More than 20,000 rape kits are sitting on shelves all across in North Carolina waiting be tested. Rape victim Rebecca Dorman is lobbying lawmakers to make DNA testing a priority in the budget.
"This is unacceptable. Something must change," she said. "It definitely surpasses all political boundaries, all human boundaries. This is something that's innately important to everybody."
State Attorney General Roy Cooper is backing new legislation. One bill would increase the number of DNA analysts at the SBI lab. Another would increase the number of criminals required to submit samples to the statewide DNA database.
"There are criminals out there who can be stopped with DNA technology," Cooper said.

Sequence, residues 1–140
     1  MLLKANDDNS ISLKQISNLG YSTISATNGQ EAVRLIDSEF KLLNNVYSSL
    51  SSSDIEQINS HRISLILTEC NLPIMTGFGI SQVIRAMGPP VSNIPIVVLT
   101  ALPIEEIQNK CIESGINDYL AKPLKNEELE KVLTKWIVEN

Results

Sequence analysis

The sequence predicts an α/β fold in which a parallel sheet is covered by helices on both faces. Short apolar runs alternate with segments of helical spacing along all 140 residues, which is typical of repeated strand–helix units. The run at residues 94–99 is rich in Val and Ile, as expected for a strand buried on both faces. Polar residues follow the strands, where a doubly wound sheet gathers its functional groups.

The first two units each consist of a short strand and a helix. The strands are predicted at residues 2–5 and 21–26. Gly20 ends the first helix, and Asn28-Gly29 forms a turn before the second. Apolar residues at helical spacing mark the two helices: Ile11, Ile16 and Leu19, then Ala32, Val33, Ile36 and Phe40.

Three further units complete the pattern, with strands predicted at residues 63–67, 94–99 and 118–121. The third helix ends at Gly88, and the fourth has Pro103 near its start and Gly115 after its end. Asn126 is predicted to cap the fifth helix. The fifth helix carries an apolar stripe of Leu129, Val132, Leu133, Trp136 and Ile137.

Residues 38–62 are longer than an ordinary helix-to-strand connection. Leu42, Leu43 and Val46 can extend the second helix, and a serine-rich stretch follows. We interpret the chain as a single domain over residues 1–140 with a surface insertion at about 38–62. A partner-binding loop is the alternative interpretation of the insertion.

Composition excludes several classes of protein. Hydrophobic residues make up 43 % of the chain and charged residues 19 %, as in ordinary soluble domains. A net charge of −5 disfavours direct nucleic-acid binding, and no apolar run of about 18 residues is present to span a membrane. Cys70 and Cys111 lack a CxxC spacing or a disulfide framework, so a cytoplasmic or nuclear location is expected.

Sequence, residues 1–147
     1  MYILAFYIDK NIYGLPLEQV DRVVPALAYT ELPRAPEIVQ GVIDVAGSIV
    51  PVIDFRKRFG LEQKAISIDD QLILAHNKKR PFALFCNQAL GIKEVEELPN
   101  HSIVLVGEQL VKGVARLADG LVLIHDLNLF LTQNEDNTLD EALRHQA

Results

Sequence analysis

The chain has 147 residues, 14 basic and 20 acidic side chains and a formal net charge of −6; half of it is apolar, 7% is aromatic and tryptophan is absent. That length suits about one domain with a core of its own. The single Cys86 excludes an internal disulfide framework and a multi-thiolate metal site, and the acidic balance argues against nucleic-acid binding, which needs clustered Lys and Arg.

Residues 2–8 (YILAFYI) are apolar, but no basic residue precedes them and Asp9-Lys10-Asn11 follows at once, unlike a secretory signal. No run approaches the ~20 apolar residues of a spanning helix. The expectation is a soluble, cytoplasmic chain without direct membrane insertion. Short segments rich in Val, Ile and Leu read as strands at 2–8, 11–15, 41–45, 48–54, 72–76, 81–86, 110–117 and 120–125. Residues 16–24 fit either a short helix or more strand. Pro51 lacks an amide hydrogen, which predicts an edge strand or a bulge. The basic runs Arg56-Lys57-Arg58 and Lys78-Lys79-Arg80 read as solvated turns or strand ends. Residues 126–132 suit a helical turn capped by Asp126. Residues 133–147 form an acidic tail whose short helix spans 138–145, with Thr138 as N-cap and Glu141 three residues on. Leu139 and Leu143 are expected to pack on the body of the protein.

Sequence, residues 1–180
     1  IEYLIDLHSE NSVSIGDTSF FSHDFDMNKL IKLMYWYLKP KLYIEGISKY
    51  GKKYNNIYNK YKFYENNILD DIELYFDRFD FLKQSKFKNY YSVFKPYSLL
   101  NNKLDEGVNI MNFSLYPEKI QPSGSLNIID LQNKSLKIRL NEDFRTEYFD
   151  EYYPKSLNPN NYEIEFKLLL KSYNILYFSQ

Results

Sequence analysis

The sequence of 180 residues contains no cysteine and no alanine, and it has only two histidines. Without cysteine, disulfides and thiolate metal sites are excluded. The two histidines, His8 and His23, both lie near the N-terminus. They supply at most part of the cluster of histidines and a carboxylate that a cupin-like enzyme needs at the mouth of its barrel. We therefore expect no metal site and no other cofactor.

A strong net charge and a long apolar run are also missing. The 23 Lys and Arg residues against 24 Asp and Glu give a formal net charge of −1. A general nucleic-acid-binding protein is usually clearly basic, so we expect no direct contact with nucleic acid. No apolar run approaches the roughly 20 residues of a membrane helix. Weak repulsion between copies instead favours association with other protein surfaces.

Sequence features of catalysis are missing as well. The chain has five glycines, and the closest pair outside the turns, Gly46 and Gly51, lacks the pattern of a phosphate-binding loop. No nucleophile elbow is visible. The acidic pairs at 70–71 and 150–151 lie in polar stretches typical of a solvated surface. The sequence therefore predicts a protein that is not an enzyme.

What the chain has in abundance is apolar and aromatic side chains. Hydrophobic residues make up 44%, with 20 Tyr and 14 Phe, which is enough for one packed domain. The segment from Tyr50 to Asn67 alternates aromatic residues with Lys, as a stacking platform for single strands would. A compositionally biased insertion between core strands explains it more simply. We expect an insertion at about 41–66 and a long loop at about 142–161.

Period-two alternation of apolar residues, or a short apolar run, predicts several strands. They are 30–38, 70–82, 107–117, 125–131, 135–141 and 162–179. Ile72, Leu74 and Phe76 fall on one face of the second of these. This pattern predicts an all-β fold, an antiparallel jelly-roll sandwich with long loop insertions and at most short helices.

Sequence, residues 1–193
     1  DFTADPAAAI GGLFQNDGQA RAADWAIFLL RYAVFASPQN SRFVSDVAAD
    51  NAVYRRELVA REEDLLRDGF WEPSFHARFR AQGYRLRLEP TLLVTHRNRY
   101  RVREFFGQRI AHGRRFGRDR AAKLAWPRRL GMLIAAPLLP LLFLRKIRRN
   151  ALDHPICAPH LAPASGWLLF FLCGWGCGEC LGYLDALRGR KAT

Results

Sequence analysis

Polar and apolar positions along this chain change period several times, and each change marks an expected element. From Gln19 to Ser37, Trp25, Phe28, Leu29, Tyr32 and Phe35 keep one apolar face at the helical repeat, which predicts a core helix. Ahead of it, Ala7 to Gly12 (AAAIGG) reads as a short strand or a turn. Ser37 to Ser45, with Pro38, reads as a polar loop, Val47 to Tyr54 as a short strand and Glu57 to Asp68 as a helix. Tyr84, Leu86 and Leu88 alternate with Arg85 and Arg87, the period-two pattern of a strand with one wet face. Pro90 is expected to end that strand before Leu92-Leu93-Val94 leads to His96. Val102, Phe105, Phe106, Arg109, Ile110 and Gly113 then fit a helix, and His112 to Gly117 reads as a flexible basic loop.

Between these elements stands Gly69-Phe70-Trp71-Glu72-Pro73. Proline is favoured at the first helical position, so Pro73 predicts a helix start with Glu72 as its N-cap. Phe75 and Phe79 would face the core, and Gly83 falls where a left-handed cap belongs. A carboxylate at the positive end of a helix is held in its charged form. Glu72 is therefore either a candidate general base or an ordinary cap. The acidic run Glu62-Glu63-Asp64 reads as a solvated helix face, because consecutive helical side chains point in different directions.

At the Raleigh Police Department, there are more than 900 rape kits sitting on the shelves in the evidence room waiting to be tested, but the reality is if there is no known suspect, the state will not look at the rape kit.
"I'm honest with my victims. I tell them right now without a suspect, the lab cannot test and collect DNA," said Detective Terry Frattini, of the Raleigh Police Department.
Few people are more frustrated by the crisis than police.
"Let us get these guys off the street before they have the opportunity to strike again," said Raleigh Police Chief Jane Perlov.
Investigators use the database to match samples and see if the suspects have committed multiple crimes. So far, officials say there seems to be a lot of bipartisan support for increasing funding.
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